After the restart the Carlisle ‘keeper had work in hand with a spectacular tip-over from a Broughton/Mikolanda inspired effort. The Czech with the shot. From the corner Mikolanda just failed to meet a Kelly head-on.

Up the other end of the field Rob Gier was on hand to force Hackney into a wide stray effort.

As the hour approached, the first Rushden tactical substitution came, as in previous games, the ‘Little & Large’ show aired, as Tomlin replaced Mikolanda. The attackers could rest easy for a while though as Hackney tested the Diamonds ‘keeper’s reflexes forcing a great tip round the right post after an excellent dribble.

The pressure was mounting further still though, and was not assisted by captain Savage erring a little too long with the ball at his feet, fortunately Hatswell was on hand to mop-up, accompanied with the by now de-rigueur cacophony of boo’s!

The first real chance for Lee Tomlin was to come just after 60 minutes with an impressive run from wide with ball at feet. Unfortunately his pace was ahead of his feet and he was to stumble over the ball when in the centre of the penalty box arc.

The next two minutes shattered the spirit of the Diamonds players as the Hawley show took to the road once more. Twice he entered the penalty box inside-right, twice he was confronted by Gulliver and Hatswell sitting too square on, twice he neatly switched the ball to the opposite side of the box, twice the ball was crashed past a mesmerised Crane, twice by Hackney. Game over, and the lady of certain proportions began her vocal dissertation.

With under half an hour remaining Kelly made way for Nicholls, who immediately tightened up the back, and the Diamonds again attempted to display fortitude, if not resilience, with Broughton heading into the ‘keepers stretched arms from a Gier centre.

The 70th minute was time for Gulliver to be called into action again, twice clearing from crosses from either side.

Referee Mr. Leake waved yellow to Caskey for scything down Rivers late from behind, and the free kick thereof was closely monitored by three Carlisle attackers, neither of whom had just enough pace to beat Crane to the ball as he scooped up from the cut up turf.

A positive cricket score was almost on the cards but for the attentions of the diminutive Tomlin. Marking the near post he twice cleared from his own goal-line before Crane was called to perform an acrobatic tip-over from under the bar.

The game lost, strategies for the next match were already being planned out. A tactical substitution, bringing off Hatswell for Okuonghae ensured he would not pick up the one booking he sits from suspension, and Magnus was soon feeling the pressure the lads were under, covering when Hawley broke through. Offside was called but the danger had already been nullified.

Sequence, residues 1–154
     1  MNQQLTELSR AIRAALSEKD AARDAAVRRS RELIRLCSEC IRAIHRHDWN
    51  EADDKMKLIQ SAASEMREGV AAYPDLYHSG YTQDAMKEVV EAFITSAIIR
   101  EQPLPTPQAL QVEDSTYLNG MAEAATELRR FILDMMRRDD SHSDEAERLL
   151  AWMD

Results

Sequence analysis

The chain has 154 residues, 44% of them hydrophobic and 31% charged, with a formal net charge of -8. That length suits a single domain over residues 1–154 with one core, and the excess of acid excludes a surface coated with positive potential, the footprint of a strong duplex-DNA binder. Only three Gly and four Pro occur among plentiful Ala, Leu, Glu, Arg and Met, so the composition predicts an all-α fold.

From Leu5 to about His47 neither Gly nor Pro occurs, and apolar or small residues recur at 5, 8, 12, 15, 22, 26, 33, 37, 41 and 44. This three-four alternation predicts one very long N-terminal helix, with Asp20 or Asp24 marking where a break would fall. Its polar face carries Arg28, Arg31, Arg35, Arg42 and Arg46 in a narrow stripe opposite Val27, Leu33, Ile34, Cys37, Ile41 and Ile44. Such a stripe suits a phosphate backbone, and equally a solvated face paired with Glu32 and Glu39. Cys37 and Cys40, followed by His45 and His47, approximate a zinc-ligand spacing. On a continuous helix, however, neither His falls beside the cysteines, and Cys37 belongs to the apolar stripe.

As the sun fell behind the stand to the visiting fans right, squinting was by now no longer required, however most were blessed of the relief that gave. Watching the final throes of the match in perfect clarity was not for the faint of heart.

A further Carlisle adjustment was made with McGill replacing Rivers in the 78th minute.

Lee Tomlin, still to score his first league goal, was trying to get a consolation effort, but having been brought down wide right the Caskey free-kick was yet another wasted opportunity.

There was just time in the game for Tomlin to pick up his now seemingly obligatory booking, fouling Aranalde, and with a last throw of the dice Arnison came incredibly close to making it six of the best, but for yet another athletic tip over the bar by the beleaguered Crane.

Somehow between announcing the attendance the first time, and a correction being issued, the stadium had lost 198 fans. The possibly correct figure of 6,922 included just under 100 of Northants finest. This stadium, and this crowd will very shortly be watching football from a higher perch, whether the Diamonds sit one, or two, rungs beneath them remains a very, very debatable point. Carlisle are onto a better class of football, but it was today the Diamonds will have been wishing they’d dropped their ‘H’s!


Carlisle: K Westwood, P Arnison, K Gray (12 D Livesey) , P Murphy, Z Aranalde, A Murray, C Lumsdon, M Rivers (78 B McGill) , C Billy (45 S Hackney) , K Hawley, D Holmes
Subs: A Williams, D Livesey, B McGill, G Murray, S Hackney

R&DFC: D Crane, R Gier, W Hatswell (75 Okuonghae), P Gulliver, R Bull, T Berry, D Caskey, D Savage, M Kelly (67 Nicholls), D Broughton, P Mikolanda (56 Tomlin)
Subs: S Tynan, A Nicholls, M Okuonghae, L Tomlin, T Stokes

Travel Club RDFC MoM: Tyrone Berry

Ref: Mr A Leake

Att: 6,922

Report by Charlie Brown